Habits and Tastes Yet the man, so far as we can see him behind the colossal façade of his achievements, was friendly, easy of access, affable to all, the honnête homme whom everybody could understand, a Henri Quatre without the gasconade. The house on the Palatine was a very modest palace, being without mosaics or marbles, and having a colonnade of plain Alban stone. He slept there in the same room summer and winter, but sometimes, when his health was poor, he would retire to the villa of Maecenas on the Esquiline, which was believed to be more salubrious, and which, from a disused graveyard and refuse-heap, had been turned into a garden paradise. He had several country houses, but far fewer than the great nobles. One was nine miles out of Rome on the Flaminian Way, one was on a spur of the Alban mountains, one at Praeneste, and one at Tibur. All these dwellings were austerely furnished, but the parks were elaborately laid out. Business was apt to follow him there, and occupy most of his time, so when he wanted a true holiday he went yachting along the Campanian coast, using a modest villa at Capri as his base.

Part of his strength lay in his retention of the tough bourgeois common sense of his upbringing. This was more than the self-conscious simplicity of the old type of aristocrat, and it gave him his power with the middle class, who were to be the backbone of the empire. He had the countryman's sturdy good-humour, which could give and receive plain words. He could never be made ridiculous, for he was always ready to laugh at himself and to prick the bladder of fulsome praise. He met every man squarely on his own ground, and if he were proved wrong he admitted it. Like Cromwell, he welcomed frank and honest speech. The stories handed down may or may not be apocryphal, but, taken together, they prove the kind of repute he left behind him. He could be trusted to deal fairly with opponents, and there was a brusque kindliness even in his reproofs. Tiberius, the true aristocrat, was offended by the free speech which  p249 he permitted, but Augustus comforted him: "My dear fellow, don't be childish and worry because people say hard things of me. It is enough if we can prevent them doing us any harm."28 He had pride of the deepest, but he was without vanity and the maladjustments of vanity. But he would tolerate nothing which lowered the dignity of his office. Offensive lampoons, and above all offensive panegyrics which might bring the principate into contempt, were sternly suppressed. There was a line beyond which no man might venture without drawing the lightnings of his formidable eyes.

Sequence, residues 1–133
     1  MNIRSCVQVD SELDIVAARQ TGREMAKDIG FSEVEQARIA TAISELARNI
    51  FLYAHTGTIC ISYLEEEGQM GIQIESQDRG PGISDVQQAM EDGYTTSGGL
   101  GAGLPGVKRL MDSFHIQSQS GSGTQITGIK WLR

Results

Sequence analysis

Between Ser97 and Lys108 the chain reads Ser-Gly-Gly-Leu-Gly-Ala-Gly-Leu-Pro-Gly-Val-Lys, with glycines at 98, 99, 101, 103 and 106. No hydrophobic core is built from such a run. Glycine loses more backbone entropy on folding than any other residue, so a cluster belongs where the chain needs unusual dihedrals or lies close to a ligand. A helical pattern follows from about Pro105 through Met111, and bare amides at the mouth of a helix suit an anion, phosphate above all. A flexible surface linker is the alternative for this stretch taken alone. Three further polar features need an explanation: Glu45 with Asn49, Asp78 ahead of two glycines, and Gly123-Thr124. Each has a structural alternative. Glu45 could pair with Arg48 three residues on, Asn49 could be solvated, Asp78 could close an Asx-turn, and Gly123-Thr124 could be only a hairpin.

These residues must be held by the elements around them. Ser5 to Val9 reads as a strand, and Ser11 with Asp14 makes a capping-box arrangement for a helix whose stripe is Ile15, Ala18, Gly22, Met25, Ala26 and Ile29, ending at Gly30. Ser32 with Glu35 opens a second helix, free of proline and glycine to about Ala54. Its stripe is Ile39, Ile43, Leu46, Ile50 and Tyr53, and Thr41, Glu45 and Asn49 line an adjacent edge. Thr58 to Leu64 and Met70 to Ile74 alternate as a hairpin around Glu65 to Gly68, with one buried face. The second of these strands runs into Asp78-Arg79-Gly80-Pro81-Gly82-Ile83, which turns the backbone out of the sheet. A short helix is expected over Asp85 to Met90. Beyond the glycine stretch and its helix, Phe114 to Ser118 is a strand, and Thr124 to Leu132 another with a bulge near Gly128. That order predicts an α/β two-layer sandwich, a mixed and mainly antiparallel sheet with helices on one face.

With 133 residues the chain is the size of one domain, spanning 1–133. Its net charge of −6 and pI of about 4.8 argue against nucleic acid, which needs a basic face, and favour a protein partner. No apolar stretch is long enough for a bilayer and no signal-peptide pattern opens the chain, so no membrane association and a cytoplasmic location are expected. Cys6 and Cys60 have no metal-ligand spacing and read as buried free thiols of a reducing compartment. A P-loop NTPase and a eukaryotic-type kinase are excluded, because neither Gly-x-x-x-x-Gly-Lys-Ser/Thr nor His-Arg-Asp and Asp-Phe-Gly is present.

His tastes were those of the better type of Roman country gentleman. Working from morn to night, he had no time for frills, but ample leisure would not have disposed him to luxury. His clothes were home-made and of an old‑fashioned pattern. He preferred the plainest food and the commoner sorts of wine, and his diet was always frugal. He liked to have his family about him at meals, especially the younger members, and he was fond of good talk. Now and then he gave a gala banquet, with professional entertainers and handsome gifts for the guests. Games of chance he found a recreation, but he does not appear to have played for high stakes. The routine of his days was to rise an hour or two after daybreak — he had often bad nights and liked his morning sleep; to work until noon; then a light meal and a short nap without undressing; a little air and exercise before he dined at any time between four and seven; then work again until bedtime. He rarely dined out. His daily exercise was a short walk or run, or a game with children, and when he allowed himself a holiday he went yachting or fishing.